#header-inner {background-position: right !important; width: 100% !important;}

## 10/27/16

### Stitie Space, Form & Emptiness.

'Stitie Space' is a 3D Objects Matrix data structure, has certain unique 'convenience methods' that allow for a 'fine manipulation of objects' in 'computer memory', a space to be filled with numbers in itself, perhaps ...

Stitie Space is non-infinite, bounded Space that has convenience method to invoke Forms within.

Using MATEN functionality, a Certain Form Invocation, we can invoke Empty or
Non-Empty Forms within Stitie Space.

Using MATEN or Prism functionalities Forms in Space can change with time, we can have 'animation of objects' as well.

Stitie Space can use recursion, each of it's inner coordinates can contain 'Inner Space' as well - we can use GRID Computing for that as well, for example.

While Stitie Space 1.1 'Sunsail' has stationary machines at given coordinates, with Stitie Space 1.2 'Satellite' it's possible to move machines within, use gaps in space (without machines at coordinates), there's an option of long-range communication between machines as well.

### Simple Examples & Professional Practices.

When one tries to learn something, it's worth to start from something simple, from a little of theory & from a simplest of examples.

Complex examples make things harder to understand.

There's the difference between learning something simple by an example and between producing professional & optimal code.

Both in technical books, as well as on Universities - teachers teach one problem solution at a time, using knowledge taught & practiced earlier by students as well.

Professionals still strive for simplicity, for creating 'objects' that handle their responsibilities - their tasks - as elegantly, as shortly & as concisely as possible.

But professionals know much, use advanced tools & known theories to handle the programming eloquently & optimally.

Objects interrelations make code more complex, it's often better to make things work together, best from a perspective of whole groups of objects collaborating - instead of simplifying their behaviors to simplest behaviors considering each of objects in separation of other objects.

Walking one dog is far different than handling a sleigh with a twelve husky hounds afterall.

## 10/19/16

### A Simple Checksum Calculation & File Encryption Code.

Introduction.

If we have a file, we can calculate it's checksum according to a given algorithm.

A checksum calculation algorithm can use a password or a key, to enhance security.

File can be a message or data or even software that can be run. Checksumming is not encryption to hide file's contents, it's just for decreasing a chance that a file was tampered during transmission - either by infrastructure fault, or by an attack.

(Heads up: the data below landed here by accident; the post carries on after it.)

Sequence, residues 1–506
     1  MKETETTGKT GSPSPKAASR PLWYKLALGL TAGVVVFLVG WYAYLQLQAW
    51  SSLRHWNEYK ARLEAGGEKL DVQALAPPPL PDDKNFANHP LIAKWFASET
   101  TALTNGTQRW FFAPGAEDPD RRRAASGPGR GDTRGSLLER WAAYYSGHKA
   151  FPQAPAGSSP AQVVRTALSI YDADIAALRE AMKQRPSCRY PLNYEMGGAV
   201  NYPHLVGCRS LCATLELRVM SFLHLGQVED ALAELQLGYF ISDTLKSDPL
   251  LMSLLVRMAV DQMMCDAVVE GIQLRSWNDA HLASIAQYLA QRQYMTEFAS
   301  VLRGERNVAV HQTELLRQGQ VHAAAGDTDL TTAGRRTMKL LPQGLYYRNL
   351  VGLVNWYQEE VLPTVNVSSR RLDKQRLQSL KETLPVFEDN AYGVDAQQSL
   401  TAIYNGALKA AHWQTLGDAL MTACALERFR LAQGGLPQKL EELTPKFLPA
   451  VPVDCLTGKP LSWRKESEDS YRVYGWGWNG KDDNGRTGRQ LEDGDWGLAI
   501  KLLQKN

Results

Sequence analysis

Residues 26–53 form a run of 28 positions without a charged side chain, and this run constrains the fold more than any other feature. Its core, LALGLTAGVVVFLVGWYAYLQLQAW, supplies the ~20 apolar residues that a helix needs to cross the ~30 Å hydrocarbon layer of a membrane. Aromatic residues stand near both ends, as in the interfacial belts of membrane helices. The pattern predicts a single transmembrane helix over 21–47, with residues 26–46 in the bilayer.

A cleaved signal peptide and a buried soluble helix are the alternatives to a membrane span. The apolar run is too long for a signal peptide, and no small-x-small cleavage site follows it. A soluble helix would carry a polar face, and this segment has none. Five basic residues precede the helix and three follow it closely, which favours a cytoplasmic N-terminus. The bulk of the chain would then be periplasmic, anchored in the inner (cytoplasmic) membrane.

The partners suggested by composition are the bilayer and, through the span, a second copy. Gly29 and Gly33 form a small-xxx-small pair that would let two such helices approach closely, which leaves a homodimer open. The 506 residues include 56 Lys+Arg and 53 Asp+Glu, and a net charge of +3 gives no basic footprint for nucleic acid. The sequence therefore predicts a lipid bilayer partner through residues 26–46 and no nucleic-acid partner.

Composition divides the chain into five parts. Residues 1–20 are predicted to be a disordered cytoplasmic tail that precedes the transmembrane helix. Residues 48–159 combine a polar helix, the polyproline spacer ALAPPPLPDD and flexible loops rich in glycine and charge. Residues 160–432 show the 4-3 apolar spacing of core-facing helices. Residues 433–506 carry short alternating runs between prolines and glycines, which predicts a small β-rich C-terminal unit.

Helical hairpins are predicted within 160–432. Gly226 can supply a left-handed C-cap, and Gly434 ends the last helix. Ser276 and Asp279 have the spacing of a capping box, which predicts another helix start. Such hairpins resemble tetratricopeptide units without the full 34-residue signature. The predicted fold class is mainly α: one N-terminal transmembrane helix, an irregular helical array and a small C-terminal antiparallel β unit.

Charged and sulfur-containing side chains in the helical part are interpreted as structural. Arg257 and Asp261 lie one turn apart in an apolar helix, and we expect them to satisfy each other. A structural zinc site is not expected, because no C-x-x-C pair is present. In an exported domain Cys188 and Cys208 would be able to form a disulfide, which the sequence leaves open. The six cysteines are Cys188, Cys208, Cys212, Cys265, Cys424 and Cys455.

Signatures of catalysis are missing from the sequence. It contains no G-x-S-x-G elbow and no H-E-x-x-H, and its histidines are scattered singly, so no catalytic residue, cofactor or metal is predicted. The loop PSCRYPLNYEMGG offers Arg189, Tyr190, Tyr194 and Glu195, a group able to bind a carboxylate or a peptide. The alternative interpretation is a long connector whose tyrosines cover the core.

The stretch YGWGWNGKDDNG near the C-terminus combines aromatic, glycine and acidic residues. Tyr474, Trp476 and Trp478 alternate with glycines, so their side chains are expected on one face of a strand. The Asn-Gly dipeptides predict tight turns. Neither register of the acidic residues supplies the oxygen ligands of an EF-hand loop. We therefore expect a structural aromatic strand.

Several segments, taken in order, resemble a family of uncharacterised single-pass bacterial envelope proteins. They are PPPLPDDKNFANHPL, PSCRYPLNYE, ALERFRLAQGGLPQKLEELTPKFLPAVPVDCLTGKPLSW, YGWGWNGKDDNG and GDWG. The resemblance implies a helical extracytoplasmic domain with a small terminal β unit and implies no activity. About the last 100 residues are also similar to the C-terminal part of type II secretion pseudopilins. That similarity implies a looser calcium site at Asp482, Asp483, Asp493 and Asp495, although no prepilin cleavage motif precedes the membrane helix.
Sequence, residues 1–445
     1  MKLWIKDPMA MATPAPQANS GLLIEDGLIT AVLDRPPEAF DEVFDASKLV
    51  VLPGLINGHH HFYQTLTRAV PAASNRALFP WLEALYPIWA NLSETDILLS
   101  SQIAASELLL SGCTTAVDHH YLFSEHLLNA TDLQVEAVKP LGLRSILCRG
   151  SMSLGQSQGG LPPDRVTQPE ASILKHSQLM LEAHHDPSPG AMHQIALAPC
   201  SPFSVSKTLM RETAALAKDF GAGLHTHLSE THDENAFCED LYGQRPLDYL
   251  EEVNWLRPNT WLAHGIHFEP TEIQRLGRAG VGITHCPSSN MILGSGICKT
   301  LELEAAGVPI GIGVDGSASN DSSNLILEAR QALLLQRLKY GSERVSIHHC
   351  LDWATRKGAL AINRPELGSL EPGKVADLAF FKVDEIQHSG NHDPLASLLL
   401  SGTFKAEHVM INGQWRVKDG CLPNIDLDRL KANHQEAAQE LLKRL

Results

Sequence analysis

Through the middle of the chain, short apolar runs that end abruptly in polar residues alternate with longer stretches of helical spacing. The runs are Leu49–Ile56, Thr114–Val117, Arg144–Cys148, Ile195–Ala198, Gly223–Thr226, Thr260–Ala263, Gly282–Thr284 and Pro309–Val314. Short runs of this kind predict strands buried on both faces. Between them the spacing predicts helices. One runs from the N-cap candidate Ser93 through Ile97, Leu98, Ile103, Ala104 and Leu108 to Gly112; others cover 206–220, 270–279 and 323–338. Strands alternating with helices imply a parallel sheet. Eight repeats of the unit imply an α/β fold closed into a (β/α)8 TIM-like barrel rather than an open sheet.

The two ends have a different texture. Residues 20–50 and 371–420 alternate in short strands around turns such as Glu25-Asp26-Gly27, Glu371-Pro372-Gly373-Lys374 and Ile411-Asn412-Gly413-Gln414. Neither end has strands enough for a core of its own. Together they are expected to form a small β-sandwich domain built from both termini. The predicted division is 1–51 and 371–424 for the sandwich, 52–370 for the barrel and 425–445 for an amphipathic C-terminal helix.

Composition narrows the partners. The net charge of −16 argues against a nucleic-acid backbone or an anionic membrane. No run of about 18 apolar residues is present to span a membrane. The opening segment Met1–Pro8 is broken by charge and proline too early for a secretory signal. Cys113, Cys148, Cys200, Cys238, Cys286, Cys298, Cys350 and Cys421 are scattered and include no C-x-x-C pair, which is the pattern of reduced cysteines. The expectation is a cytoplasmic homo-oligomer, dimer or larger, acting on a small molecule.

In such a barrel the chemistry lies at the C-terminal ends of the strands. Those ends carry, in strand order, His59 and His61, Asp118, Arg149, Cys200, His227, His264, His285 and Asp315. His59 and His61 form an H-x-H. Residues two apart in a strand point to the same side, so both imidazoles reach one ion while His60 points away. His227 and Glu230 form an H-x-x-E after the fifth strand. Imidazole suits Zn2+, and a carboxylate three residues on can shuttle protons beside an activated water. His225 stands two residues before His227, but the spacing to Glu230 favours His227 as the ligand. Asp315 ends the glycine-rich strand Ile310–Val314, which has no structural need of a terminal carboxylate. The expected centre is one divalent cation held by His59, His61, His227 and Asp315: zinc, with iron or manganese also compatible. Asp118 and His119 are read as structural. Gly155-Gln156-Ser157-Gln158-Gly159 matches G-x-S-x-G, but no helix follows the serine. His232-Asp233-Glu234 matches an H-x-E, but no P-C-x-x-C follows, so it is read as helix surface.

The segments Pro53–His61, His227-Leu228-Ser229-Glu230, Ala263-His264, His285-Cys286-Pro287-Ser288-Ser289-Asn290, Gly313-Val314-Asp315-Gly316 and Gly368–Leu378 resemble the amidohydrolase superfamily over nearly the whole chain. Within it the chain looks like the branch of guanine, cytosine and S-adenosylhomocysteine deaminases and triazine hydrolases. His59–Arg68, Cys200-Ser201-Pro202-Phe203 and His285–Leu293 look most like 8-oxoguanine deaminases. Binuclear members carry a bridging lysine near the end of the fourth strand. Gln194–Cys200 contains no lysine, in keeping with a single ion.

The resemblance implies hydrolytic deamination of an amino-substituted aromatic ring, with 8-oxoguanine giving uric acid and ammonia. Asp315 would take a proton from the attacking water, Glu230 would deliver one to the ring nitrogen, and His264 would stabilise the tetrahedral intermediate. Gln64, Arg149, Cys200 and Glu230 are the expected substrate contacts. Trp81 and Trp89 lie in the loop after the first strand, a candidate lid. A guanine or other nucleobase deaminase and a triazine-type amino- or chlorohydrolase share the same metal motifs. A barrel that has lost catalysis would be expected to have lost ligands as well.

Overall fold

Unless cracked, even a simple checksum can help to protect data integrity, protect the information to increase certainty of:
- Message's Sender,
- Message's Recipient,
- Message's Timestamp & Timezone,
- Message's Title - if any,
- Message's Conent & Attached Data - if any,

There's more to this as well.

It's related with Secure Communication over the Internet.

Code.

i am planning to write a checksum code & encryption code as an exercise & for use by me and for use for those who care.

It's unfinished a post, will complete a source code later - as soon as i can.

For now it's an incomplete: a top-down algorithm, a plan for code in comments to be filled with details later. i find that a simple planning method useful in Programming anyway - even a code consisting only of comments is useful in the development process - especially if the comments are strict, with invariants, etc ... - but not only.

i've used a 'checksum' word in an abstract way - it's not only summation, it's also other functions. Probably i should use a 'signature' word instead ;)

Optimistically, a chance of two checksums colliding equals to (1/Long.MAX_VALUE) = 1/(263 − 1) = 1/9,223,372,036,854,775,807. Probably in practice it's less favourable for us, but still very good.

Exact worst probability is very hard to calculate for me - but i can say it depends on: a file transferred, a password, an optional key. Using long & varied-inside files (preferably encrypted) as well as using a long private key makes for things in our favour (less collisions).

import java.util.List;

/**
* @author Andrzej 'neo-mahakala-108' Wysocki; email: neomahakala108@gmail.com
*/
public class ChecksumCalculator {
// TODO: replace with a string read from a file.
private String inputText = "a test string.";

// TODO: replace with a string read from a file.
private String optionalKey = "an optional key";

// TODO: get password from user instead of using a hard-coded one.
private String password = "a test password";

public static void main(String[] args) {

// 1. Find a checksum calculation function.
// depending on a password/optional-key - we'll have a lot of simple functions & we'll
// make a complex function from these. password/optional-key will determine how we'll
// combine our simple functions into a complex function.

// 2. Find constants.
// each of 'data chunks' is a part of the message, number of these depends on
// a password, an optional key & a message to checksum. we'll use a simple
// function, derived from a password/optional-key that will transform these
// strings into a long number constants.

// 3. Calculate a checksum.
// we'll use a checksum calculation function with found consant, to calculate a long
// checksum.

// 4. Provide a checksum result to user.
}

// ...

private long sumWrapFunction(List<Long> ll) {
long result = 0;
for (long current : ll) {
// we don't care for exceeding Long.MAX_VALUE - it's still a long number.
result += current;
}
return result;
}
}